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7 ideas on how to choose a degree programme during a pandemic

Date:02 December 2021
Author:Leslie Willis
Voice Technology student Leslie Willis
Voice Technology student Leslie Willis

It’s almost 2022 and the pandemic is currently rather surging than soon-to-be history. Finding a degree, whether Bachelor or Master, is tricky enough without these special circumstances. So, how do you choose a degree when living with a virus has almost become the new normal and measures are changing all the time? The first generation of pandemic first-years has taken their paths already, so here you are with 7 ideas from somebody that has been part of it too (that’s me, Leslie, hi!).

#1 What do you want to do?

What a big question, right? For a long time I was determined to study Arts and Cultural Management, bring people together, have them exchange about and through art - and in person. Then everything changed and I could not really picture myself doing that when people have to wear masks all the time, when there still is a risk to get infected but also when rules change all the time. So, I took a stroll around the internet and tried to find something I could be similarly interested in.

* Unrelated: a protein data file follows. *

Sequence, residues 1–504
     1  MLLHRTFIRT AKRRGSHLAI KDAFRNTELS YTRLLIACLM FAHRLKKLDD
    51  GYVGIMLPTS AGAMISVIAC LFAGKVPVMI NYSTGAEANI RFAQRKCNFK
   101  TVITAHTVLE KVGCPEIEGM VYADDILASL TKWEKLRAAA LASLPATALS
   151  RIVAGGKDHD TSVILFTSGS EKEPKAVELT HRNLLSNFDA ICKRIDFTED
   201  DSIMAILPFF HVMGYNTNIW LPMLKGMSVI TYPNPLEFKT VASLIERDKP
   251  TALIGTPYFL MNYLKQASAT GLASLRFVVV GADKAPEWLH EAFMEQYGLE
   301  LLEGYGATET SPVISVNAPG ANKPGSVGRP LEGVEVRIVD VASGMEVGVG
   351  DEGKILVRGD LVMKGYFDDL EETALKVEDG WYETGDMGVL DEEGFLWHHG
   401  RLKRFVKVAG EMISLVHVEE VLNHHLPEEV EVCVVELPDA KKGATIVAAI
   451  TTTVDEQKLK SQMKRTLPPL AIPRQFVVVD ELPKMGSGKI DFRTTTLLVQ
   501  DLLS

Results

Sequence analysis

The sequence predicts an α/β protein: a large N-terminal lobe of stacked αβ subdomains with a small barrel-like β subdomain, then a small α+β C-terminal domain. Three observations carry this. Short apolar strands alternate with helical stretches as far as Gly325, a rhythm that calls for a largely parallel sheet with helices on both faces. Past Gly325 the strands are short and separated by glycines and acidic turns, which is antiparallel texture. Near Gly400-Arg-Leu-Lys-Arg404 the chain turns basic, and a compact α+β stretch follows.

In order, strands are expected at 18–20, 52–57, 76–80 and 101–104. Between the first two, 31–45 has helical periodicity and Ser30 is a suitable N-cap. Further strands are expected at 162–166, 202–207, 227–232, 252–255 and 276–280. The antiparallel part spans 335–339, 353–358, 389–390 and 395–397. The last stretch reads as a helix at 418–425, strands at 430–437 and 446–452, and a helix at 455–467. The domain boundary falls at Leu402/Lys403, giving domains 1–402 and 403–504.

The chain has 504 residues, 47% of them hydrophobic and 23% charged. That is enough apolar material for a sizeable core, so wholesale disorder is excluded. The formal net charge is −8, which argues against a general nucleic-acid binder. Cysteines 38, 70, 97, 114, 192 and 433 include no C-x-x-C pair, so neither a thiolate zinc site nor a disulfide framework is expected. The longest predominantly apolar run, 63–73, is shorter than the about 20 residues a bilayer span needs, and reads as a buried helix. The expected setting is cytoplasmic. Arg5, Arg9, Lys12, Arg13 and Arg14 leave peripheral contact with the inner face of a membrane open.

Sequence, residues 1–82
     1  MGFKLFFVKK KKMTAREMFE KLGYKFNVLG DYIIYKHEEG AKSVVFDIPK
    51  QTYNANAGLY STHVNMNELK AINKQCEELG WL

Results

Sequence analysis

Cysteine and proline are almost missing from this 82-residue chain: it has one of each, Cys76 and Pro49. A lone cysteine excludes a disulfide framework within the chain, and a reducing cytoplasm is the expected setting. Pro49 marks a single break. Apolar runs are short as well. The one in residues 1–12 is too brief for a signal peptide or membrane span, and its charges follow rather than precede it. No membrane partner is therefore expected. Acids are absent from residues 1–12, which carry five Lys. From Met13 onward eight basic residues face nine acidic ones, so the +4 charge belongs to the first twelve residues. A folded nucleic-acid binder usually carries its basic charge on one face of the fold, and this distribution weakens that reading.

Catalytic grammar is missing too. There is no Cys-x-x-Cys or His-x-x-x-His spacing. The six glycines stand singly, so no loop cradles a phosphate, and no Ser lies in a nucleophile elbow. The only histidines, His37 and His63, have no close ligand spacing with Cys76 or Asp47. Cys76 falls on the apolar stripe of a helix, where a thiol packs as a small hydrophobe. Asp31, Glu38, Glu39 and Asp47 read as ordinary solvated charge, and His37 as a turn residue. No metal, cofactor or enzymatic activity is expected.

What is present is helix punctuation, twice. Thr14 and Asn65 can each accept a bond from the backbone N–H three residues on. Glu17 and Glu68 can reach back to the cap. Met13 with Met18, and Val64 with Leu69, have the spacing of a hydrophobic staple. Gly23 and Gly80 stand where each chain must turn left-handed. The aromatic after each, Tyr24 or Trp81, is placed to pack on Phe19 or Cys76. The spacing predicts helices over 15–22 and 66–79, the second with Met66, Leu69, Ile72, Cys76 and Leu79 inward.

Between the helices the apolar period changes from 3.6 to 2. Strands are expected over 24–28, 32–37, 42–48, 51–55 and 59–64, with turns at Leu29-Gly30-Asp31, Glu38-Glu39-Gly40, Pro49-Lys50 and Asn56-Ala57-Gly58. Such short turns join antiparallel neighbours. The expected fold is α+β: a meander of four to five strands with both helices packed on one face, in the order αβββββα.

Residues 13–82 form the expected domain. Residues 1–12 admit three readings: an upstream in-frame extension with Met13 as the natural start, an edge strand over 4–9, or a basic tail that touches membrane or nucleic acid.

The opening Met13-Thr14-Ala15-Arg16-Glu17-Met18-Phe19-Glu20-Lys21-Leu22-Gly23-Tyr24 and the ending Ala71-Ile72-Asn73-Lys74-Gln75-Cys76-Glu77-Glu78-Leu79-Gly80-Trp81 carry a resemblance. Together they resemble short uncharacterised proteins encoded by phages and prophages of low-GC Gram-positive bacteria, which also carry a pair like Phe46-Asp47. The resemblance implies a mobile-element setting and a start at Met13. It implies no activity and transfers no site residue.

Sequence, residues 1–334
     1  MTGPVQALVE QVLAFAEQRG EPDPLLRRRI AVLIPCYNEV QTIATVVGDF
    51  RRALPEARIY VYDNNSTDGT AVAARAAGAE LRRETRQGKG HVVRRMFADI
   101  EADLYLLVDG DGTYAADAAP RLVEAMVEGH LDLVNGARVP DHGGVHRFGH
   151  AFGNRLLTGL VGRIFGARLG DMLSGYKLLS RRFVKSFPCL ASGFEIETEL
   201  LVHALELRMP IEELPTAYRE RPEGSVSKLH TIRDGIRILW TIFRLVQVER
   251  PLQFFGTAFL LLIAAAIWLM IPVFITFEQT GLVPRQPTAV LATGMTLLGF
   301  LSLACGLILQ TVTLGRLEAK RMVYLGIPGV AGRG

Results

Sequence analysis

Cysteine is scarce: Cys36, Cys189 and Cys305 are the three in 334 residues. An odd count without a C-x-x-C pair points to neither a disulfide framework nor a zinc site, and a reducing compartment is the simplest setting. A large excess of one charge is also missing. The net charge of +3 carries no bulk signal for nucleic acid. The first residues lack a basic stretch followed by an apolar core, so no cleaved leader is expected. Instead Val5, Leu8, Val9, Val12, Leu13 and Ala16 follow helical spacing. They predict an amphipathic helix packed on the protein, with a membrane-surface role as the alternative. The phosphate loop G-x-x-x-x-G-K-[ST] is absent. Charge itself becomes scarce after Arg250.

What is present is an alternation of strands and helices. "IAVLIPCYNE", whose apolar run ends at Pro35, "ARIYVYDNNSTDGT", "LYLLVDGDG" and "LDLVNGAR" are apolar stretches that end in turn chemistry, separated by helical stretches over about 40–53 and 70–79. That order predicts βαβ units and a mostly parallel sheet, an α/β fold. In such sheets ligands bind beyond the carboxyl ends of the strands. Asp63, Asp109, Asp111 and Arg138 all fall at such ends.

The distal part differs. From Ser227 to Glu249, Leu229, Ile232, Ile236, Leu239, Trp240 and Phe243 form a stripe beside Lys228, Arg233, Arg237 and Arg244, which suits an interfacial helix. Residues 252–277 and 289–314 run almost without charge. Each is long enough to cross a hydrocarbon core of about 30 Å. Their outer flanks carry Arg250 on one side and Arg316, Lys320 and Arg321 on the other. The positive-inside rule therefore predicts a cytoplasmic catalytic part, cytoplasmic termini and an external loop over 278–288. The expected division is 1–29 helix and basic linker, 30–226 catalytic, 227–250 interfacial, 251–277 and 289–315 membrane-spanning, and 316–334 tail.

When you are asking yourself “What do I want to do?”, the most important thing is to choose something that you are passionate about. What captures your interest no matter what? What do you always end up telling your friends and family about, because you find it so important and interesting? Where is your fun-fact expertise based? Following those hints can definitely help you make a good decision (in case this actually exists). 

#2 Panini-Times = Podcast-Times

During the panini, a lot of people could not pursue their actual hobbies, because of Covid measurements, so they found new ones: Baking, sports, knitting, music, and -of course- listening to (or even starting their own) podcasts. Overall, there was a huge increase in podcast listeners, check this out. I certainly was not exempt from this and became obsessed with a podcast called En Claire which was all about Forensic Linguistics. That is, applying linguistic knowledge to criminal cases. Dr Claire Hardaker, who is a forensic corpus linguist at Lancaster University, discusses various cases that include literary detection, language mysteries, cryptography, codes, and more. Just give it a listen, I can wholeheartedly recommend it! 

This podcast has also led me to investigating possible career paths that focus on the potential of linguistics. I ended up googling “Master Forensic Linguistics” and the results led to where I am now: The MSC Voice Technology at RUG Campus Fryslan! Apparently, Forensic Linguistics is one of the many things you can connect to Voice Technology. I was intrigued by the idea of combining linguistics with programming, and thereby acquiring a new skill that I might unite with my interest in art. Voice Tech in museums anyone?